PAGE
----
[Credit for Photo of Building: Bonnie Arbittier, Rivard Report]
COPS/Metro leaders Sister Jane Ann Slater of the Congregation of Divine Providence (and chancellor at the Archdiocese of San Antonio) and Linda Davila of St. Timothy Catholic Church penned an Oped calling on the Mayor to prevent displacement in San Antonio.
Mayor Ron Nirenberg and members of the City Council have expressed concern about the Decade of Downtown causing neighborhood displacement. Nirenberg said it best last year, “We should not be resigned to displacement as an acceptable condition in the community.”
COPS/Metro takes the City Council at its word, but actions speak louder than words....
COPS/Metro supports a thriving downtown and the benefits that UTSA’s expansion will offer. We do not support development that pushes people out of their homes and uses public dollars to do the pushing. We are against development happening so fast and furiously that existing residents cannot take advantage of the improvements. Development must be planned so that it benefits everyone, not just developers. As it stands, the city’s decisions benefit developers with little consideration for current residents.
[Photo Credit: William Luther, San Antonio Express-News]
Responding to concerns raised by VOICE, the Oklahoma County Sheriff’s Office announced the establishment of a Citizens Advisory Board. The need for the board rose to the leaders’ attention in 2016 through small group conversations hosted by institutions, in which leaders heard alarming stories about prison conditions and lack of transparency in the filing of complaints. At a 2017 accountability session, the Sheriff publicly committed to establishing the committee, if elected.
The Citizens Advisory Board will be formed by a diverse group of citizens interested in participating in the conversation with the Sheriff’s office and will serve as a sounding board to the Sheriff in all aspects of the agency. According to Sundra Flansburg, a leader with VOICE, the “CAB will be a great way for citizens to learn more about the jail and provide input on potential solutions for issues.”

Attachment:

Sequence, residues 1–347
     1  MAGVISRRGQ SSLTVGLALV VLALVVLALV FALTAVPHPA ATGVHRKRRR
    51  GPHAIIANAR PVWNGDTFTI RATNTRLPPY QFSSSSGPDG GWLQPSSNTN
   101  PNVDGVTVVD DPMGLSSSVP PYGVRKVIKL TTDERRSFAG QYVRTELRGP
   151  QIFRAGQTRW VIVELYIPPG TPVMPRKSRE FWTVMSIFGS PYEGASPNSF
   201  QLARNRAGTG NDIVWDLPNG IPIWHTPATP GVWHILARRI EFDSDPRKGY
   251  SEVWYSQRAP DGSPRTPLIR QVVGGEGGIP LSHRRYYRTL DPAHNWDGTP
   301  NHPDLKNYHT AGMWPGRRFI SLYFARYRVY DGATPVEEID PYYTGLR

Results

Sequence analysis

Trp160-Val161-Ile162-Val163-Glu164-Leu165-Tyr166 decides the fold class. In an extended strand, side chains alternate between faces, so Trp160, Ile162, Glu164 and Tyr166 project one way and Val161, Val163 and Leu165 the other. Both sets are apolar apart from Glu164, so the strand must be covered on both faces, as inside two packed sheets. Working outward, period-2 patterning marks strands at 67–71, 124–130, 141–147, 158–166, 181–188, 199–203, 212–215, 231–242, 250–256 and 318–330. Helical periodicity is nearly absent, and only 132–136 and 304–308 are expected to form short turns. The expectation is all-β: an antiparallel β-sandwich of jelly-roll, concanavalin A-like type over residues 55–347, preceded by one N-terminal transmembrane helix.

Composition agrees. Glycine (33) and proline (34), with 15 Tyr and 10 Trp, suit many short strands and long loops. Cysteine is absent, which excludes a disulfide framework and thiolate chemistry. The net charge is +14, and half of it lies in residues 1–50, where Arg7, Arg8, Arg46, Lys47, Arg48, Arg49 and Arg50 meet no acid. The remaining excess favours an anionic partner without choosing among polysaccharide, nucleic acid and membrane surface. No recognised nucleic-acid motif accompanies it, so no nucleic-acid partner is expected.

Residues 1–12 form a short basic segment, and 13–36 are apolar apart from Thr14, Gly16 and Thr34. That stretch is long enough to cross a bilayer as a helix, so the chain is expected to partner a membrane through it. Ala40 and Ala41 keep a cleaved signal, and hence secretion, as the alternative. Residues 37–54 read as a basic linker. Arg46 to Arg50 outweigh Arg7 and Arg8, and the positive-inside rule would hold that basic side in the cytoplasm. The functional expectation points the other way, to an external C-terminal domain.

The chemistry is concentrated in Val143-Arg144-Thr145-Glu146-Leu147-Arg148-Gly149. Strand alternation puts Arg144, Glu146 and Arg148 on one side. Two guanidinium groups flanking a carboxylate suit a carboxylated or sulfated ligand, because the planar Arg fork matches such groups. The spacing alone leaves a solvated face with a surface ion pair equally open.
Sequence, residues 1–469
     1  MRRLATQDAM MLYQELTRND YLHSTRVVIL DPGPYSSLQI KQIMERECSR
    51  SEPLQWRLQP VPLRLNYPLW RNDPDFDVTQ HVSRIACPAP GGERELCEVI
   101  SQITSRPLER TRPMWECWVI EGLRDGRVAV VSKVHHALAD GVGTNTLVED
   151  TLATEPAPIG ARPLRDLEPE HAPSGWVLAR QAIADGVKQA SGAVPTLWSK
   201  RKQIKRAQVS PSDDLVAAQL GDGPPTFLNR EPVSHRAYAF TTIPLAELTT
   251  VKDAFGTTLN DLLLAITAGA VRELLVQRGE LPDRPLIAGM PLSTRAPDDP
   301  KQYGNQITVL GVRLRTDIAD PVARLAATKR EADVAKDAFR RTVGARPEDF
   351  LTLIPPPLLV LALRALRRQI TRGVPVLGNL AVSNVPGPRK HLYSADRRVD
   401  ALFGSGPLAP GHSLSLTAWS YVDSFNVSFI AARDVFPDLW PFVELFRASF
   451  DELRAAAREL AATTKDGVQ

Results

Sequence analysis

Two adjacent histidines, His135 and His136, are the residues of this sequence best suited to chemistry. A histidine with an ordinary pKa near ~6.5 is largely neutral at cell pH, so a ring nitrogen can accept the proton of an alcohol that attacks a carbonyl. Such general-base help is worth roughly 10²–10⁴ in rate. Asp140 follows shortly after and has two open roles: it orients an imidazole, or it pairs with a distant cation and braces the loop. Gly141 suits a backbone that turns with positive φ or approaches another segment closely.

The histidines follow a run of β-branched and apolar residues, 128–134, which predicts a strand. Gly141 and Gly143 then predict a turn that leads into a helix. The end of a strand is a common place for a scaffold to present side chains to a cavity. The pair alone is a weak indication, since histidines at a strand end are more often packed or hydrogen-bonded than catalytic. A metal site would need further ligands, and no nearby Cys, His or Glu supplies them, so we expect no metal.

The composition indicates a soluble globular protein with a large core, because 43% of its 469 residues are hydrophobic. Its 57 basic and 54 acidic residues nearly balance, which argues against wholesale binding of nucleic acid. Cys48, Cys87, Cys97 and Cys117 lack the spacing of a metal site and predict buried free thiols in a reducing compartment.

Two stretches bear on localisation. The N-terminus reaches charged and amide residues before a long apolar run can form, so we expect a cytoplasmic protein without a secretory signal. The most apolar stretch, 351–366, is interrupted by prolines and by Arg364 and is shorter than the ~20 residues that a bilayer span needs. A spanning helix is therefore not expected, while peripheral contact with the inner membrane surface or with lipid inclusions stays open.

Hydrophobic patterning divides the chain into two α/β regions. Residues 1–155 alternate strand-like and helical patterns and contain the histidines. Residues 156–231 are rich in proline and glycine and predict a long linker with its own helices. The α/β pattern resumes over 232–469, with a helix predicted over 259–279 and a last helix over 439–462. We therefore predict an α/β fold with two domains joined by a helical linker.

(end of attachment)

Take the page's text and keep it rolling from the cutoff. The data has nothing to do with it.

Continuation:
At the same time, it offers citizens an opportunity to engage in the democratic process beyond the vote.
Oklahoma County Sheriff Forming Citizens Advisory Board, The Oklahoman
Acting on an extended house meeting campaign, in which leaders unearthed stories of payday lending entrapment, lack of affordable housing and concerns around public education, NCG launched a 5,000 postcard campaign to remind Southern Nevada legislators about commitments they had made on the campaign trail last year.
Leaders are calling for $500 million in new state funding for public schools, $40 million for an affordable housing tax credit program and improved payday lending enforcement across the state. With two proposals on the table that would cap interest rates on payday loans (which charge, on average, 652% in interest per year) NCG is pushing for better protections for financially vulnerable families.
Arguing that current City of San Antonio incentives are causing displacement, 100 COPS/Metro leaders pressured the mayor of San Antonio to directly prevent it.
Fr. Larry Christian, of St. Ann Catholic Church and COPS/Metro, called for increased public efforts to educate residents about available resources including “property tax freezes for senior citizens... and tax credits for homeowners that improve their homes.”
The mayor affirmed that he is listening to the organization and committed to collaborating with COPS/Metro leaders on this issue.
[Photo Credit: Scott Ball, Rivard Report]
After 500 tenants were forced out of their homes due to residential code violations by their landlords, Omaha Together One Community (OTOC) leaders launched a campaign to ensure decent living standards for renters.
OTOC research actions on housing code violations soon revealed that the vast majority of violations occurred in low-income, predominantly minority communities with disproportionate numbers of elderly and refugee residents -- many of whom are reluctant to complain. OTOC leaders are now pushing for local changes including required registration of all residential rental property and proactive inspections by the City of Omaha.
At recent press conference, Dennis Walsh of OTOC argued, "Registration and inspection creates a healthier market not a more expensive market.”
Having helped shape Legislative Bill 85, which would require cities like Omaha to implement these reforms, Walsh and other OTOC leaders are mobilizing at the state level to ensure dignified housing.
Beckas Beat: Do We Live In a Perfect World?, FOX 42 News
New Website 'We Don't Slum' Aims to Put Pressure on Problem Landlords, Omaha World-Herald
Landlords, renters clash over idea of rental inspections in Omaha and Lincoln, Omaha World-Herald
OTOC Fact Sheet on LB 85, OTOC
Novato City Council Ponders Just Cause Eviction Ordinance, Marin Independent Journal